The neat thing about this is how well it works (with an appropriately edited script).  The only really tricky bit is the ending, because the Rucks is describing events differently from how they actually occur. This is why we need to have a visual component of the kid carrying Zulf: It’s one of the most interesting parts of the game, and any kind of interpretation MUST include it.

Ok, back to coding

Adrian Hall

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A Few Notes on A Book of Lenses


I have only ever liked one textbook cover and this isn't it

This was originally posted on Giantbomb.com. I removed the preamble as it didn’t seem to fit in on my personal blog.

This isn’t a review of Book of Lenses, as the book is an industry standard and I don’t feel qualified to judge it. Instead, this is a short commentary on 4 subjects: What it covers, Its general attitude, how it has been useful to me, and the perspective that it can give to game players who are NOT trying to actually conduct game design

What Book of Lenses Covers

Schell doesn’t do this, but having now read the book I feel comfortable breaking it into 4 general sections:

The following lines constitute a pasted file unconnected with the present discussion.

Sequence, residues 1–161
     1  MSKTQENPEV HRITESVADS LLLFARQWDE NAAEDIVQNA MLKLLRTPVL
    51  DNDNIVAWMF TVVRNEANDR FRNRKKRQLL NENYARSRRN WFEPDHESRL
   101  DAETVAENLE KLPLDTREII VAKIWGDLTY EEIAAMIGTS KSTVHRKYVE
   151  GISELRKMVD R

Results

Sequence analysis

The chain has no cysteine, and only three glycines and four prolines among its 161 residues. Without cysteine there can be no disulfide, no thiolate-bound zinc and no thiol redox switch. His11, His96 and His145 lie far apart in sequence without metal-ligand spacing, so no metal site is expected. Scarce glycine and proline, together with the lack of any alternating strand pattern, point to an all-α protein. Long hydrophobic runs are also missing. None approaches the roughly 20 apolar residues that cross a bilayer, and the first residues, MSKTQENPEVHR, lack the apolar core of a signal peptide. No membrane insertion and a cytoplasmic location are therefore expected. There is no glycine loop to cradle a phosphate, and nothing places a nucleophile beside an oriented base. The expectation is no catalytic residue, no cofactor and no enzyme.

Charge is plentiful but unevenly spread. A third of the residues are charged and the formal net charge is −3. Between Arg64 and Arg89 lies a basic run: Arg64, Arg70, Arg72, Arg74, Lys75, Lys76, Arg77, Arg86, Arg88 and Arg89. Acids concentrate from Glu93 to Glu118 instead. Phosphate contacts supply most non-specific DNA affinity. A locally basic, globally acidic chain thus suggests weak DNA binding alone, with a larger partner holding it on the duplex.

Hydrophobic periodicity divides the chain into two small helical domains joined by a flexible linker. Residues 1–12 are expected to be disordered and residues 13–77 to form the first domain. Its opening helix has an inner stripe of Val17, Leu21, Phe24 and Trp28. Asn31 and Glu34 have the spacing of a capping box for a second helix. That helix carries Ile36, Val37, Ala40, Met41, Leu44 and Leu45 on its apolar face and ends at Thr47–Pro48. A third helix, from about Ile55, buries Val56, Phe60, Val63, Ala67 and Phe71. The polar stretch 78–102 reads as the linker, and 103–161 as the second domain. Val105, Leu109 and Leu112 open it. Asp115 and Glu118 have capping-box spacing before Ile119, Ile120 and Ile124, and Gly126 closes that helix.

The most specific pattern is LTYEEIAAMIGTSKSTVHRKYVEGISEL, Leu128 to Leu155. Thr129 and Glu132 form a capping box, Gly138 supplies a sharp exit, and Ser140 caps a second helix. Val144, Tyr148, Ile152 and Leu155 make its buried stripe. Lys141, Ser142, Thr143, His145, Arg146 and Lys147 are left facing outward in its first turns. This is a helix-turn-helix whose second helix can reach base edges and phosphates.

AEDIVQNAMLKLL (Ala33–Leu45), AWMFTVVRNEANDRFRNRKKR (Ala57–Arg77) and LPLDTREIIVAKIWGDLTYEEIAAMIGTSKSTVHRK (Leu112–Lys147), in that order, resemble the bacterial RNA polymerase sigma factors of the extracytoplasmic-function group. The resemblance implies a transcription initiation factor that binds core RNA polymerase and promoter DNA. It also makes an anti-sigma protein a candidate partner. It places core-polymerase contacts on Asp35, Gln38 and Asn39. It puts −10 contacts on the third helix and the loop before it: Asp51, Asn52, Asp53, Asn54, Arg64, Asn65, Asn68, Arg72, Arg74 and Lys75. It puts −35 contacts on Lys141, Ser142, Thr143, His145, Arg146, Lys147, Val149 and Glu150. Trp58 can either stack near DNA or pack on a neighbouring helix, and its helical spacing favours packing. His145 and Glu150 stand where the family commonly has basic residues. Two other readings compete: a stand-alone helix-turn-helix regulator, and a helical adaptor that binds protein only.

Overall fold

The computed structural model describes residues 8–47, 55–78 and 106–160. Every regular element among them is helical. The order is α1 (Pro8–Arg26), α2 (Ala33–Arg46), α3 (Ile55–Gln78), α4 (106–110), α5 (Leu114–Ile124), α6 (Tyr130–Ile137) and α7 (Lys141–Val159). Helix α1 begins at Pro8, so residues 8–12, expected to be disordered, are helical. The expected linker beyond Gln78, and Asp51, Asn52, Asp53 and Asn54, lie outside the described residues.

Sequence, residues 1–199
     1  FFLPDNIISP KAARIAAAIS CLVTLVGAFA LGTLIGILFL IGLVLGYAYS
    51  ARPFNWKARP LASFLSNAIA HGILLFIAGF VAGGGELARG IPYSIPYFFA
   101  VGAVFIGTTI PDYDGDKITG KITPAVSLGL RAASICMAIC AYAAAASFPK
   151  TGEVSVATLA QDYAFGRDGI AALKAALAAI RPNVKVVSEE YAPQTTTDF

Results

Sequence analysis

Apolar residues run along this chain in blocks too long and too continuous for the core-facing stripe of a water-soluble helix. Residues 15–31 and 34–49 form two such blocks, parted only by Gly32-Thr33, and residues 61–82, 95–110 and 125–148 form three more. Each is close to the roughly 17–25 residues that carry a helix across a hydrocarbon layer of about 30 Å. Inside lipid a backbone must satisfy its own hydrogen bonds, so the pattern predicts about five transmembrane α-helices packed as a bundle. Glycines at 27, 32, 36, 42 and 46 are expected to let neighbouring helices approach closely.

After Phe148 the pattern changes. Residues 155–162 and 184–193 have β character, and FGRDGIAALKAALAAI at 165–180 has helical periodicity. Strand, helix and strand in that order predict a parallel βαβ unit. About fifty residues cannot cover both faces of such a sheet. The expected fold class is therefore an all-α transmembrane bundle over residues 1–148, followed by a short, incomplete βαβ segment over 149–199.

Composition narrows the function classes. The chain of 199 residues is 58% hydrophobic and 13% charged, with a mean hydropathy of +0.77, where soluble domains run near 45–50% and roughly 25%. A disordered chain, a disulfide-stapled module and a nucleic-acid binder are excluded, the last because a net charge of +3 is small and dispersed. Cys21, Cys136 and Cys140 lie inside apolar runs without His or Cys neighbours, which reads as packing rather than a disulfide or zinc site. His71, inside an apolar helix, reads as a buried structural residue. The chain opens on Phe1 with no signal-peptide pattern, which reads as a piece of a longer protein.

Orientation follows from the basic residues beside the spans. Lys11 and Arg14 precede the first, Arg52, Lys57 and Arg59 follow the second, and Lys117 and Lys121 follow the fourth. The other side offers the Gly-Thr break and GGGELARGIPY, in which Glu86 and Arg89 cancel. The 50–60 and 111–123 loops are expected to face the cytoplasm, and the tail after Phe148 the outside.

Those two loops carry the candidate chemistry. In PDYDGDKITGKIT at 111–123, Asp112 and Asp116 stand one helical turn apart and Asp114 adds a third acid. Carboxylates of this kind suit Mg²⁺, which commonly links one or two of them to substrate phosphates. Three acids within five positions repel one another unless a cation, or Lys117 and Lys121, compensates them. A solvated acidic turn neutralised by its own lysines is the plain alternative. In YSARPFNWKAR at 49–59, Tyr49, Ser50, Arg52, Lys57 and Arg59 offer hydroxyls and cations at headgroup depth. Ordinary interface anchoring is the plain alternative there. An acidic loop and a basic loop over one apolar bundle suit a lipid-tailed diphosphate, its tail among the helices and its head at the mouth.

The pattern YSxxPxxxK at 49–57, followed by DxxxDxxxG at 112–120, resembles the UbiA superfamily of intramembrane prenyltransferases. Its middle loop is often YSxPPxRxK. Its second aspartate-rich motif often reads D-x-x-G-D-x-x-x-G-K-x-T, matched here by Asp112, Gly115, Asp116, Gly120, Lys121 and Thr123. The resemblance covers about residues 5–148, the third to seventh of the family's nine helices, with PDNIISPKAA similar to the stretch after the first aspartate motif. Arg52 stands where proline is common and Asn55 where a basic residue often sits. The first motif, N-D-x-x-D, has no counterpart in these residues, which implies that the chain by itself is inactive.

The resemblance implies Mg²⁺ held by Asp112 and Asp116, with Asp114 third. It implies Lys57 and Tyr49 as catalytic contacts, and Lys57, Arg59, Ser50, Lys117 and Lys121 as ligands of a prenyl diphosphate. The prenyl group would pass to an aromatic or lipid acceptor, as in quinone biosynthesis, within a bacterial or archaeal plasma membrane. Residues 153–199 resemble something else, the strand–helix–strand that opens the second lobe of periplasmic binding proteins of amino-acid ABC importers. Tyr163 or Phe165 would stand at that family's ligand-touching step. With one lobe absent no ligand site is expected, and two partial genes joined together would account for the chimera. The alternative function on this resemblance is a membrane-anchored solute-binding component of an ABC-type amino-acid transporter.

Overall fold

1.  How do think about design
  2.  How to think about designing games
  3. How to get games made
  4. How to get games made given the current nature of the industry

We could get into some discussion about where each of those sections starts (again, these are completely my creation) but if you only wanted to know about one I would feel
comfortable telling you which chapter to start on. The titular lenses are paradigms for looking at each of these topics (why he felt the need to make exactly 100 of them I don’t know), each of which are summarized in little boxes that one could easily pepper about their workspace for inspiration.

The first section is a general introduction to basic design concepts like unity and various ways of analyzing design. This section is very short and is more of a basis to work
from than an in-depth account of design.

Schell builds a useful, if cluttered, map as he discusses each topic

The second section is by far the longest and gives you enough of an understanding of everything that it talks about that you can go off and learn the intimate details on your own.